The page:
the December issue of The Eddy Line,
Stacy Patterson described a canoe and kayak trip on the Cartecay at seven feet. That
trip ran from Owl Town Creek down to West Ellijay. But you may have
wondered about Blackberry Falls, Clear Creek and the S-turns. Wonder
Hal, Safety Sue, and I were up in North Georgia that weekend. I had
picked up a new C-1 at the NOC sale on Saturday and tried it out on
the Nantahala. Sunday morning I realized I had left my paddle up at
the Nantahala and needed to run up there to find the truck I left it
in. A long shot, but it worked. I got back to Georgia by 11 AM with
my paddle. Now we needed to find a place to paddle. Safety Sue
wanted to paddle so we thought we would head down to the Cartecay
since she was new to paddling.
we got to the gauge off highway 52 the water was rushing! We talked
to some folks on the river to find out what some of the bigger rapids
were like, but they had only put on a little bit above the gauge.
This might have been Stacy's group. They did say it was running
we went up to look at Stegall Mill (aka Blackberry). Yeah, it looked big but there was
a sneak on the left and even the center chute looked runnable.
Hazard Hal said, "Kip, I think we can do this."
you have to realize that Hazard Hal was named because of a trip down
the Ocoee in a Aluminum Grumman canoe a few years ago. He was new to paddling and
thought the river looked like fun. He soloed that seventeen-foot
barge down the river, surfing the hole at Double Suck, running the
hardest lines he could find. Oh, he flipped some, and he swam some
but he finally healed. He also ended up in a C-boat. And still
paddles like a madman. So when he suggested we run the Cartecay at
flood, my response was, "Bull$#!@!"
why not? Safety Sue was there to rabbit for us. It looked like it
might be fun. And when would I get the chance again? I had my
paddle back and a new boat. Let's go.
put on at the bridge and zoomed on down the river. The river was
moving! Before we knew it we rounded the bend, and passed the island
before the first real drop (nothing above really — all washed out).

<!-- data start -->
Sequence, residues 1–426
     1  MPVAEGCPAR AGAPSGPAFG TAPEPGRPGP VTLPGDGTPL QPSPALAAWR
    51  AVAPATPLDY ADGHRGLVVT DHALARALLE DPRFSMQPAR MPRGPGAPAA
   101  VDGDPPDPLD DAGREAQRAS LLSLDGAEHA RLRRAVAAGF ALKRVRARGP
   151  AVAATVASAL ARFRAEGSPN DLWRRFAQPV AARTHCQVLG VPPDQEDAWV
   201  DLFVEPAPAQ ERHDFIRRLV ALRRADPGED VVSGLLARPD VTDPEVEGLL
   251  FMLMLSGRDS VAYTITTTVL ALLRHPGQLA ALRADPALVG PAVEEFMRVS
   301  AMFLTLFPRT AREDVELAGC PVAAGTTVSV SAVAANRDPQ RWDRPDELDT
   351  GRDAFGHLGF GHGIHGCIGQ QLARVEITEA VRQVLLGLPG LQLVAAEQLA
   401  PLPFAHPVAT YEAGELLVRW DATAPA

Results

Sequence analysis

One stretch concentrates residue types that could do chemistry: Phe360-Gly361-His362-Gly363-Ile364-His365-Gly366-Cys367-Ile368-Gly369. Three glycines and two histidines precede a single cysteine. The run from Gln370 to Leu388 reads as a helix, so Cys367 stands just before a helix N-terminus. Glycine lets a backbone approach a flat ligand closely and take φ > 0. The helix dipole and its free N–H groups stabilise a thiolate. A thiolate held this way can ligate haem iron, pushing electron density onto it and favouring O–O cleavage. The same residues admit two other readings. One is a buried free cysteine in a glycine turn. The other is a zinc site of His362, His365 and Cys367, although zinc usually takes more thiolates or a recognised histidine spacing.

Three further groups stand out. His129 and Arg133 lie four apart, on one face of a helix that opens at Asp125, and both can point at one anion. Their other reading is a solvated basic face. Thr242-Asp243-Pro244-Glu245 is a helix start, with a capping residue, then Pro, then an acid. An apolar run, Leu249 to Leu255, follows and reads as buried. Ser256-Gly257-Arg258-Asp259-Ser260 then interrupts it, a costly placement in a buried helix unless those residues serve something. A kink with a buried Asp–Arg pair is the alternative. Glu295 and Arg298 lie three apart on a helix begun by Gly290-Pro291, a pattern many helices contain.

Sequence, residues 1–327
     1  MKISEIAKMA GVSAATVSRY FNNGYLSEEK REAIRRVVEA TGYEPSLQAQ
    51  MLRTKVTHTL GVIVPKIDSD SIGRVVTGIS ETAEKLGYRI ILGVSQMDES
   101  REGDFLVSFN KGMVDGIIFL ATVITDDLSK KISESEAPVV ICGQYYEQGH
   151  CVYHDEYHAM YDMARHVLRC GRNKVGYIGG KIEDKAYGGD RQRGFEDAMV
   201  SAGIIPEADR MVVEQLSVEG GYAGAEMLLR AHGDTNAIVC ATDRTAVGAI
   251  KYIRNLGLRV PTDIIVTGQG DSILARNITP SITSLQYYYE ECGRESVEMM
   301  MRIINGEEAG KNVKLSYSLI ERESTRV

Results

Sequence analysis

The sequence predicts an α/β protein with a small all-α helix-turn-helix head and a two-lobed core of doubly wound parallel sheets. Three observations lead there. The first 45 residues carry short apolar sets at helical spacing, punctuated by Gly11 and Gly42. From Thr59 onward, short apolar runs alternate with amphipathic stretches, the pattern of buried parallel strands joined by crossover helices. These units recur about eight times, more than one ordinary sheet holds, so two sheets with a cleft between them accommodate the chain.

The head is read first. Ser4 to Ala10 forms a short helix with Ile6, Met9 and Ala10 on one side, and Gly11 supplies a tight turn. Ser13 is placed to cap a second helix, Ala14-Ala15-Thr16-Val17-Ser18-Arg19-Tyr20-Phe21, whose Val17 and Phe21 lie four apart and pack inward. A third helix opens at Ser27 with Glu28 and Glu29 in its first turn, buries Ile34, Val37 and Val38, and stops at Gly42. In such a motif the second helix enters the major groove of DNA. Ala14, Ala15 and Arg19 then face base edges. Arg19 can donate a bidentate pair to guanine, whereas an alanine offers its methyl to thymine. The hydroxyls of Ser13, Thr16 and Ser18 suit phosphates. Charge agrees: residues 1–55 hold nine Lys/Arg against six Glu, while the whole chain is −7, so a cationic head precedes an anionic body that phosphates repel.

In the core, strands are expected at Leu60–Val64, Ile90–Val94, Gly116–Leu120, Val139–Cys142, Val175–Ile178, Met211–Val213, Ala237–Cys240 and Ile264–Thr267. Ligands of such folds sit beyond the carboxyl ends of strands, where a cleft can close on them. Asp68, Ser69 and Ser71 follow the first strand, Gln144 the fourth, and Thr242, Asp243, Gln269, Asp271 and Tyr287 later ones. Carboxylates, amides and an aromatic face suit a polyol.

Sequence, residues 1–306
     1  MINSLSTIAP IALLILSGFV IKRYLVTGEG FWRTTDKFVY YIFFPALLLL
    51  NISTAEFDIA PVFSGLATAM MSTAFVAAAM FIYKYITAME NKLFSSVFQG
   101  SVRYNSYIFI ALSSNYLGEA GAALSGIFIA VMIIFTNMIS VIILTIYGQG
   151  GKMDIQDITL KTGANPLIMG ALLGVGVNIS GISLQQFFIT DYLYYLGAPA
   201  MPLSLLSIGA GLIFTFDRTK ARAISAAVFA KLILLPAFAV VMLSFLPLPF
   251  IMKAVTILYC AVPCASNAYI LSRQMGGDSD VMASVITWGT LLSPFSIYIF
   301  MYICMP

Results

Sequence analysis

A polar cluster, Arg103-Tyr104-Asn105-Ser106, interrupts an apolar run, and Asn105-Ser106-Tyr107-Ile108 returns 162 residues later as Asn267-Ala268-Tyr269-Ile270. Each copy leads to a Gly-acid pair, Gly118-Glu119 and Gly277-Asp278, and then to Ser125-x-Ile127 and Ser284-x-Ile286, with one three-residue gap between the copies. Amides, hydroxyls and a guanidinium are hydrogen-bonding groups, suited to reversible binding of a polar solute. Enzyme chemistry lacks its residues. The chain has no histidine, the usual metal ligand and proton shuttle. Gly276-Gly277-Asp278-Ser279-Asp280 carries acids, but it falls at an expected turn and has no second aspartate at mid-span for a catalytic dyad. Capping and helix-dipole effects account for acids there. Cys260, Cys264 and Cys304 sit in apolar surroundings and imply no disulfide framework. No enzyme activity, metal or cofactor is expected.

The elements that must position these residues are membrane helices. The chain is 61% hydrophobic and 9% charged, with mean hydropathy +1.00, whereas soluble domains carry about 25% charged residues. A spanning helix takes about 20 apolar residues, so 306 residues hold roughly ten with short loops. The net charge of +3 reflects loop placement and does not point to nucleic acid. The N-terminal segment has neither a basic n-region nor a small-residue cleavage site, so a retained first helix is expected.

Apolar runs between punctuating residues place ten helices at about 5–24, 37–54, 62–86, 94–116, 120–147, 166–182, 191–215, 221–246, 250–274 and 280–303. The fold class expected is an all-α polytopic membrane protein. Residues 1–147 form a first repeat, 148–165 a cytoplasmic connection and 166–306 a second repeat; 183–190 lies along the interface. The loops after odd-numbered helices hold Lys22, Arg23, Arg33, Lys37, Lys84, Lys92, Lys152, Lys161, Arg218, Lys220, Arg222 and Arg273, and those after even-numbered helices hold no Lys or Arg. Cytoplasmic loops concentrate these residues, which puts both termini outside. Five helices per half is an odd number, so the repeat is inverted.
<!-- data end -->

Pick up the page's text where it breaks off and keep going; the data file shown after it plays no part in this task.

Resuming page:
We wanted to scout the drop from the left. Seeing the owners of one
of the houses getting into a car, we yelled from our boats for
permission to scout. We had to cross a fence to get to the next
property down to scout. The owners here were also friendly (though
their dog wasn't).
have heard this rapid called "Jump, Bump, and Dump" and the
"S-turn". I'm not sure of it's "official" name
but it normally has a rocky ledge that can be run with scrapes and an
almost tricky move on the left. I was not expecting what I saw:
HOLES! There was a hole on the right side below the ledge. There
was a bigger hole on the left side with some real funny water.
only route was right down the center. But it looked like the water
would push into the third hole — on the left side over the usually
dry rocks. I jumped first and, yes, the water pushed me toward that
hole. I did not like this and turned sideways and paddled like mad
to avoid it. I succeeded and found an eddy. Hazard Hal went next
and avoided the hole as well.
got to the next drop quickly. We eddied out way above the drop to
scout from the left. We had to get onto a boulder four feet above
the water to scout. This one (another "S-turn"? I don't
know) usually has the swirling eddy on the right. Guess what, at
seven feet it still does!
crawled out on a fallen tree to get a better look. There was a hole
at the bottom of the ledge in the middle. We didn't want to go that
way. The right side was a swirling mass of holes. There might have
been a route if you punched hard, but even then the hole in the
middle might grab you, and it looked like a keeper. We could go left
but that would be cheating.
came three kayaks and a canoe. Being intelligent beings, we
watched their runs. They got through with a fifty-percent swim rate.
We go left.